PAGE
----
MEXICO, Mo. –– A group of Missouri military veterans announced today that Amendment 3, one of three medical marijuana initiatives that will go before voters on November 6, presents such a grave threat to the state’s republican form of government that they plan to file a lawsuit if Amendment 3 passes and gets more votes than either of the other two medical marijuana measures. The veterans’ opposition to Amendment 3 is both constitutional and pragmatic.
“Many of my fellow veterans suffer from an array of issues that often come with service to the nation, such as chronic pain, multiple symptoms of post-traumatic stress disorder, and the effects of traumatic brain injuries. The lack of effective treatment options has puts veterans at risk for opioid abuse,” said Todd Scattini, a retired Lieutenant Colonel in the U.S. Army. “We hope that Missouri voters will choose to legalize medical use of marijuana to give us a safe, effective, and affordable way to treat these conditions.”
But Scattini worries that if Amendment 3 gets the most votes on November 6, the newly-legalized medicine would be too expensive for many veterans to use. That amendment would place a 15 percent tax on the sale of medical marijuana, plus a wholesale tax, with the proceeds of those taxes going to fund an independent “Board of Biomedical Research and Drug Development” whose focus is researching cures for yet-to-be-specified diseases. This Board would initially be headed by the amendment’s proponent, wealthy Springfield trial attorney Brad Bradshaw, who would then have the power to hand-pick all of the Board’s initial members. Even after Bradshaw surrendered control, the Board would continue to choose its own members without any input from or accountability to the state’s voters or their elected officials, and the Board would have vast powers to issue bonds, condemn private property, issue regulations, and make decisions about licensing, all without oversight from the executive or legislative branches of government.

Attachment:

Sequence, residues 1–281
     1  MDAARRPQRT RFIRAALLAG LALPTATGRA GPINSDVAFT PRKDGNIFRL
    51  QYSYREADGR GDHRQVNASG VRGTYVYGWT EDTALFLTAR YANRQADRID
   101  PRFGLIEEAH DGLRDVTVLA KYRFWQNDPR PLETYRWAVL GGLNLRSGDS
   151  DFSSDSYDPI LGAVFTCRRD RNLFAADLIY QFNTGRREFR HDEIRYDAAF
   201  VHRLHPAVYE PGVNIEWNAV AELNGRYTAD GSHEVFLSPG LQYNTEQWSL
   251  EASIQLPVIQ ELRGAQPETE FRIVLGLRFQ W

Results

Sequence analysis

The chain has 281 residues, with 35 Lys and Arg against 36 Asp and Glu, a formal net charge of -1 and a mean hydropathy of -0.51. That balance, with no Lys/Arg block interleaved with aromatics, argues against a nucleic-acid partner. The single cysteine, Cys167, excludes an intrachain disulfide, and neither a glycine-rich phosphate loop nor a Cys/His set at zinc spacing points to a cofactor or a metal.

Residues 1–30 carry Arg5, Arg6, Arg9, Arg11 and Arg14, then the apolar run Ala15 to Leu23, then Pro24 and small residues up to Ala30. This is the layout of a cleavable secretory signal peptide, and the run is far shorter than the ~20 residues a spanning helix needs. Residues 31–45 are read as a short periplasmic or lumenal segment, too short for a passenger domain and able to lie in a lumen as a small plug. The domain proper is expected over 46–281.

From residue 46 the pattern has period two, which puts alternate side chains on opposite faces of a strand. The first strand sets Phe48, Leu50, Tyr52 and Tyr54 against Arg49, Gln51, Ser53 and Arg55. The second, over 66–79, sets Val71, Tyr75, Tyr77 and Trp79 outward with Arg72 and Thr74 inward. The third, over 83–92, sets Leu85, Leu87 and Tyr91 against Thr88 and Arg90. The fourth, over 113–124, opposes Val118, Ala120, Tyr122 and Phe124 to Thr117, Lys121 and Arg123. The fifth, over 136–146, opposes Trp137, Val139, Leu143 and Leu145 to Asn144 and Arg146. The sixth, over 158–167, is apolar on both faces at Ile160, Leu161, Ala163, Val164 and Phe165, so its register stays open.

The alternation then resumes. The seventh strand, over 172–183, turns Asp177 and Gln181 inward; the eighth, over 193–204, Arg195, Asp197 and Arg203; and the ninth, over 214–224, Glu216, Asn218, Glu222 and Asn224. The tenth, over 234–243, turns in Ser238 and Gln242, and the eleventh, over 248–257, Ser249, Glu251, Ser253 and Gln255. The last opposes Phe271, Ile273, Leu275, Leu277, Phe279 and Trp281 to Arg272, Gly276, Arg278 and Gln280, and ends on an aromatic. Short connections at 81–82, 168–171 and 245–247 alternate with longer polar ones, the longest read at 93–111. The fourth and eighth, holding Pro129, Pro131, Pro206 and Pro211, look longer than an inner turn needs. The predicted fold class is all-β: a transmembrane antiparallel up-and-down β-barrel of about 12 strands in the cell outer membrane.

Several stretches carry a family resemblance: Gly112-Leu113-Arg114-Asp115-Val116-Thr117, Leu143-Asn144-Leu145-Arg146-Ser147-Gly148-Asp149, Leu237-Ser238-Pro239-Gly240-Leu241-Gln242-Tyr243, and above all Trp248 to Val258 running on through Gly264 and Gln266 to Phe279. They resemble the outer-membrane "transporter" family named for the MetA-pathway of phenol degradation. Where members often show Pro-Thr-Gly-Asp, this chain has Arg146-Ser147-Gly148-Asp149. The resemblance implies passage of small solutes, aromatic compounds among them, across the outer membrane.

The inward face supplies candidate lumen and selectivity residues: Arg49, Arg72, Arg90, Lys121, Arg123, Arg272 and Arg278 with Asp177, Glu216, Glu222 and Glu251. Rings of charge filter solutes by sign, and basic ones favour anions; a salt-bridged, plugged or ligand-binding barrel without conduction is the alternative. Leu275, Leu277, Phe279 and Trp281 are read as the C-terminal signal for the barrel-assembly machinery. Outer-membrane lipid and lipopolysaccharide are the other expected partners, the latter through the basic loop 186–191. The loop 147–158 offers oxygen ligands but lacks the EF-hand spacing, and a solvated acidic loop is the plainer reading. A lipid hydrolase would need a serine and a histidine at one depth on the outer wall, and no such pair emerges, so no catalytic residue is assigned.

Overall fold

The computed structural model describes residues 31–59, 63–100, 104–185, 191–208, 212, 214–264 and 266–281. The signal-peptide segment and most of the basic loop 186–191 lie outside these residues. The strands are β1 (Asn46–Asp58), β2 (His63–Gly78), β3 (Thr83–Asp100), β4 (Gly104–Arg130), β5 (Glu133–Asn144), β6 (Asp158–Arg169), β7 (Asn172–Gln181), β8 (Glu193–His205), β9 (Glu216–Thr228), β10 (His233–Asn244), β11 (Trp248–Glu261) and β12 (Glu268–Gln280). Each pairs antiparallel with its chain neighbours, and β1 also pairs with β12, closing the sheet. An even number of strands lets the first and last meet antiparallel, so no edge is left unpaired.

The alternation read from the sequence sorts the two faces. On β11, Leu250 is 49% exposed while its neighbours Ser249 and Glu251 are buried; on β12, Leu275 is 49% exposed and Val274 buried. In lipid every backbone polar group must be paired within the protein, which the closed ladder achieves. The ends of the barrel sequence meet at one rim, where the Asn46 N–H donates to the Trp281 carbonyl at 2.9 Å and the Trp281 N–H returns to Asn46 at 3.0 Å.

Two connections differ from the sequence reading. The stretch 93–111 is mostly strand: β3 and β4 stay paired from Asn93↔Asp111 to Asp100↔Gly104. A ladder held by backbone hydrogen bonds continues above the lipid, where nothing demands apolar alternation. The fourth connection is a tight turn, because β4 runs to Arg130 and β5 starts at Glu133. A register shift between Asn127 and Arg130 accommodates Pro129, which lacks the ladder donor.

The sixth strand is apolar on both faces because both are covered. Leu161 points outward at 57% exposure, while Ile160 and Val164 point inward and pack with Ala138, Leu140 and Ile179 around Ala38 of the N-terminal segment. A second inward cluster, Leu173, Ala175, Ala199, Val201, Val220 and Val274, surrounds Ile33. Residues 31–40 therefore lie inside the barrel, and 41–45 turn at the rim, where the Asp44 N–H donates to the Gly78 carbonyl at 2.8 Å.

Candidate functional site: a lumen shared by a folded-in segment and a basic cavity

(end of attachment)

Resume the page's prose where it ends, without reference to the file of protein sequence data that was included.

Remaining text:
“Amendment 3 would create a completely unprecedented fourth branch of government,” explained Dave Roland, an attorney assisting the veterans. “The very foundation of our constitutional system is separation of powers, checks and balances, due process of law, and ultimate accountability to the people. Amendment 3 rejects all of these principles.”
The veterans are hopeful that such a lawsuit will prove to be unnecessary. The Missouri Constitution provides that when the voters of the state approve “conflicting measures… at the same election the one receiving the largest affirmative vote shall prevail.” That means that if Amendment 2, which also legalizes medical marijuana, passes and earns more votes than Amendment 3, Amendment 2 would become the law of the land. Rather than creating a new, unaccountable governmental agency, Amendment 2 more closely mirrors legalization measures already adopted by other states, putting regulation of marijuana production and dispensing under the state Department of Health and Senior Services, with the medicine being subject to a 4 percent tax whose proceeds would fund health care for veterans.
“We hope that Missourians will do the sensible thing, voting for Amendment 2 and against Amendment 3,” Scattini said. “But if Amendment 3 does pass with the most votes, we will be ready to go to court to defend Missouri’s republican form of government.”